Amazing Life

By Mollie Mansfield


An eco-friendly boffin has started turning plastic waste into bricks for as little as £1 in a bid to cut down pollution.

Dr Karthikeyan Kandan, 40, has invented a brick – constructed using 3D printing and lattice architecture technologies – which is made out of plastic waste.

The brick, which has been proven to provide 10 times better insulation than traditional clay bricks, is believed to be the first of its kind and would cost as little as £1 to mass produce.

The Mechanical Engineer decided to create the brick to help cut down on the amount of plastic that is wasted every day and to provide cheaper, more insulating, housing for developing countries.

Dr Kandan, from Leicester, said: “Single-use plastic packaging is a significant environmental pollutant.

“Every year there is approximately 80 million tonnes of plastic packaging produced, of which 8-12 million tonnes end up in our oceans, where it stays for hundreds of years.

“Once in our oceans, plastic packaging causes chemical pollution that is harmful to wildlife and may also risk human health.

“The World Health Organisation (WHO) estimates that nearly two million people die in developing countries due to health issues that arise from inadequate housing, while the United Nationals International Covenant of Economic Social and Cultural Rights states that the adequate housing is fundamental to improving the living standards among poor and low-income thresholds.

“Without adequate shelter, families lack security and are vulnerable to natural disaster and the chaos of civil conflict.

“Our innovative plastic brick will not only help clean up the plastic pollution in our oceans, it will also empower people in developing countries to build cost-effective sustainable housing.

“Because the plastic brick is made from mixed domestic plastic waste, it is ideal for repurposing mixed recycled materials.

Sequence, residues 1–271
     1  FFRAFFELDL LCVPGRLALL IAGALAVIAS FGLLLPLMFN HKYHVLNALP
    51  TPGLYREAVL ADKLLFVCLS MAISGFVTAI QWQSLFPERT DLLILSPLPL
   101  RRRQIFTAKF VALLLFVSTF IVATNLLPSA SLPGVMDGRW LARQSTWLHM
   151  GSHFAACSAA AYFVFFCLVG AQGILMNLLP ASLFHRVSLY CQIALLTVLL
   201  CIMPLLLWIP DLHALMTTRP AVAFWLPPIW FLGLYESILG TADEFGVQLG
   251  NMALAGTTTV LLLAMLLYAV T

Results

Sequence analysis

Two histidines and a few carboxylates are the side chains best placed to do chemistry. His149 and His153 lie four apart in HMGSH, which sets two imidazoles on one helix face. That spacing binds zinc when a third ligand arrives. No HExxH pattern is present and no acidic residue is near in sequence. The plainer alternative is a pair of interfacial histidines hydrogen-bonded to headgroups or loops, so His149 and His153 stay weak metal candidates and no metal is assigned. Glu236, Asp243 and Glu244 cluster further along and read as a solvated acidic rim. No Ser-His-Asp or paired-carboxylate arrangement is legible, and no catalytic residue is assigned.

“This will boost and promote the closed loop supply-chain of plastic waste and also vigilantly minimises the plastic pollution.

“Our brick, made from all kinds of domestic plastic waste – from coffee cup lids to plastic bottles – exhibits a tremendous thermal envelope over conventional building materials.

“One of the benefits of this novel plastic brick is that it can drastically reduce both the cost of building and energy-related costs.

“We spent £6 to manufacture the standard plastic brick using 3D printing.

“This could be further reduced to a cost as low as £1 if we were to mass produce the bricks using injection moulding – similar to making plastic water bottles.”

Despite the bricks being made from a 3D printer, Dr Kandan, who lectures at De Montfort University, is confident that they can have an infinite life.

He said: “Single-skin cavity walls with brick cladding is a commonly adopted construction method used to improve the thermal insulation of housing.

“However, the water ingression into the brick cladding still prevails, which means the cavity insulation can be compromised, which can damage decoration, as well as causing fungal decay and long-term issues with damp.

“Water penetration into the brick cladding is related to the local rain and wind conditions, therefore, homes in the higher-risk zones of these conditions are severely affected.

“By comparison, the plastic brick is able to withstand extremes of heat, cold and damp.

“The strength and stiffness of the plastic brick can be tailored to withstand strong wind; thus, it can have an infinite life.

Having just launched his invention, Dr Kandan hopes that the bricks will be mass-produced in the future and used in both developed and developing countries.

He said: “The plastic brick could be used to produce a panel that could be added on to existing brick walls to minimise the energy consumption of the buildings in the developed world.

“There are also opportunities to use the bricks to build 3D printed homes for the developing world population who aspire for affordable and sustainable housing.

“In addition to efficiently managing the building energy envelope, the plastic brick could be used for pedestrian pavements, garden fences and even roof panels.”